Regional economic integration: exchange rates


Regional Economic Integration can best be defined as an agreement between groups of countries in a geographic region, to reduce and ultimately remove tariff and non-tariff barriers to allow free flow of goods, services, and factors of production between each other.

Regional economic integration: Merits of a fixed and floating exchange rate

Floating exchange rates have the following advantages:

1. Automatic Stabilization:

Any disequilibrium in the balance of pay­ments would be automatically corrected by a change in the exchange rate. For example, if a country suffers from a deficit in the balance of payments then, other things being equal, the country’s currency should depreciate. This would make the country’s exports cheaper, thus increasing demand, while at the same time making imports expensive and decreasing demand. The balance of payments equilibrium would therefore be restored. On the contrary, a balance of payments surplus would be automatically eliminated through a change in the exchange rate.

2. Freeing Internal Policy:

Under the floating exchange rate system the balance of payments deficit of a country can be rectified by changing the external price of the currency. On the country if a fixed exchange rate policy is adopted, then reducing a deficit could involve a general deflationary policy for the whole economy, resulting in unpleasant consequences such as unemployment and idle capacity. Thus, a floating exchange rate allows a government to pursue internal policy objectives such as full employment growth in the absence of demand-pull inflation without external con­straints (such as debt burden or shortage of foreign exchange).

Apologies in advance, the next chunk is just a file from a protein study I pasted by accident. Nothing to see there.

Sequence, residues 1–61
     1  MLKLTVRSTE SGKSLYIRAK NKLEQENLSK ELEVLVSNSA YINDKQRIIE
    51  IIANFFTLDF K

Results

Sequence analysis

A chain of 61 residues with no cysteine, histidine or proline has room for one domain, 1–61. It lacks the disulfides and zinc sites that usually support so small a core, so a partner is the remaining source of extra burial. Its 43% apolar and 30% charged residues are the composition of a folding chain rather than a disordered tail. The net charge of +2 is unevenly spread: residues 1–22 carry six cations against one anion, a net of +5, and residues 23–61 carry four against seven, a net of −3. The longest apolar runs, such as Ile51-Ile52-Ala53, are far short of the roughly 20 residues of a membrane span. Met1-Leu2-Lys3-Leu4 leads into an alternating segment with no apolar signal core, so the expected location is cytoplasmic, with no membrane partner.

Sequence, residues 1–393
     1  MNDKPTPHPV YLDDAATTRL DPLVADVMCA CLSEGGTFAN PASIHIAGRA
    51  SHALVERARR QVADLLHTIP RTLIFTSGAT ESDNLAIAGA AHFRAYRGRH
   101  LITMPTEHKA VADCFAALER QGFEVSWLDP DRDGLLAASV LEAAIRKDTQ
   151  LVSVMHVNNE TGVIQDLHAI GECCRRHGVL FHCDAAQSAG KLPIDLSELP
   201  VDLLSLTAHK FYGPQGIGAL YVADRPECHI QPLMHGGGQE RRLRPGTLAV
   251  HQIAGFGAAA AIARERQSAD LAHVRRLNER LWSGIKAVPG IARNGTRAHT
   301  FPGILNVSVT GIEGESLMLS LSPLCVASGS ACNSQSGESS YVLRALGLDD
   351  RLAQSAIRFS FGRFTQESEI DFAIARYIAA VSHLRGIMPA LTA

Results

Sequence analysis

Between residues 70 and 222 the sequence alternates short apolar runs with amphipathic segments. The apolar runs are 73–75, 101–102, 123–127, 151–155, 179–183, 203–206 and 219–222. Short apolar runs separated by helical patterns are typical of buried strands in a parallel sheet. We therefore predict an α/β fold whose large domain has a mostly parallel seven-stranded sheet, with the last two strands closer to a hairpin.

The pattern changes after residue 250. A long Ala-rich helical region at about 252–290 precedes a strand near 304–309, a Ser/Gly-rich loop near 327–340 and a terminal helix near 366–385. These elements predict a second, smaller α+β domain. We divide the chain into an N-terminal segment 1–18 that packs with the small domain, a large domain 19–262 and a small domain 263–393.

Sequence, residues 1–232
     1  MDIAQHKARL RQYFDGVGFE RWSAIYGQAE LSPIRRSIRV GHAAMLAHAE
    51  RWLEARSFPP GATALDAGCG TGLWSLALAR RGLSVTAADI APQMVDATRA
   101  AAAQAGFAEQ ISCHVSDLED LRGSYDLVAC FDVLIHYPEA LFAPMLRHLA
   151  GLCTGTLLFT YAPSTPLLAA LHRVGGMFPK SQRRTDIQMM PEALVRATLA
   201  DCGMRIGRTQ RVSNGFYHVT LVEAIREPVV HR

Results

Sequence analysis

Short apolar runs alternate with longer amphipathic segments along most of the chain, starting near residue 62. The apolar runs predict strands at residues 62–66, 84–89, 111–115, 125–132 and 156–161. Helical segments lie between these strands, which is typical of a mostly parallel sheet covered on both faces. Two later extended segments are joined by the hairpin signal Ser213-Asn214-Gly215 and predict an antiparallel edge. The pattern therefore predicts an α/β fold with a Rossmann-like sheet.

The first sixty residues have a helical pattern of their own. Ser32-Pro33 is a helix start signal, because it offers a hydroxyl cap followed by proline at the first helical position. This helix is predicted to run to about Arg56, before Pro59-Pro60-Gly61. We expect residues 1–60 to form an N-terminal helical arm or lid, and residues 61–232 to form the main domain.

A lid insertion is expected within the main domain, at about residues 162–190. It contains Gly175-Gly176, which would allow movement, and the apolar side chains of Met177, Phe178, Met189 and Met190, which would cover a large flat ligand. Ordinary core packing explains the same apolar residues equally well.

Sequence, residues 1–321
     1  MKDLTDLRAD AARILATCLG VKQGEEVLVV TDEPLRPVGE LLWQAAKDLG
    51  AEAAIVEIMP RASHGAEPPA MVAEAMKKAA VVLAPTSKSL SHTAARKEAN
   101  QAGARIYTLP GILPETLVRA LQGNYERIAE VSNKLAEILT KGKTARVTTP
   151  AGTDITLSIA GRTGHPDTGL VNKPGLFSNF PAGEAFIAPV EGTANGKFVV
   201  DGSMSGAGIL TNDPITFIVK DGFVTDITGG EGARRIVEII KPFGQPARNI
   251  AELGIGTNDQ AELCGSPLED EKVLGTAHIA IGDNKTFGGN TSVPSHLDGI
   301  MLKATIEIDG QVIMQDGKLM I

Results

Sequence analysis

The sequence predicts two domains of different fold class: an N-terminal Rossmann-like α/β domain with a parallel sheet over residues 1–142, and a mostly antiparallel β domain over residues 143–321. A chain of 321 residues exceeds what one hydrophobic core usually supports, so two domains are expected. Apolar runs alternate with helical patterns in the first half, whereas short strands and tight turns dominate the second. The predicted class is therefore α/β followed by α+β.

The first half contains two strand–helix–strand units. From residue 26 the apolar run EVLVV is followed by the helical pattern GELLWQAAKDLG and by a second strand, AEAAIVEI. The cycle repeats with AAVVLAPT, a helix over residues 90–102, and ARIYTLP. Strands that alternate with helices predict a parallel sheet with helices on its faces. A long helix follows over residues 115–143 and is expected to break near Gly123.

3. Absence of Crisis:

The periods of fixed exchange rates were frequently characterized by crisis as too much pressure was put on central bank to devalue or revalue the country’s currency. However, the central bank that devalued a currency by giving out too much of it would soon either stop or run out of it. Similarly the central banks that revalued a currency by giving out too little of it in exchange for other currencies would soon be flooded with that currency as it would get relatively large amounts of other curren­cies. Under floating exchange rate system such changes occur automatically. Thus, the possibility of international monetary crisis originating from ex­change rate changes is automatically eliminated.

4. Management:

J. E. Meade has pointed out that under the floating exchange rates system national governments enjoy considerable discretion. To be more specific, governments are free to manipulate the external value of their currency to their own advantage.

5. Flexibility:

Changes in world trade since the first oil crisis of 1973 have caused great changes in the values of currencies. How these could have been dealt with under a system of fixed exchange rate is not yet clear.

6. Avoiding Inflation: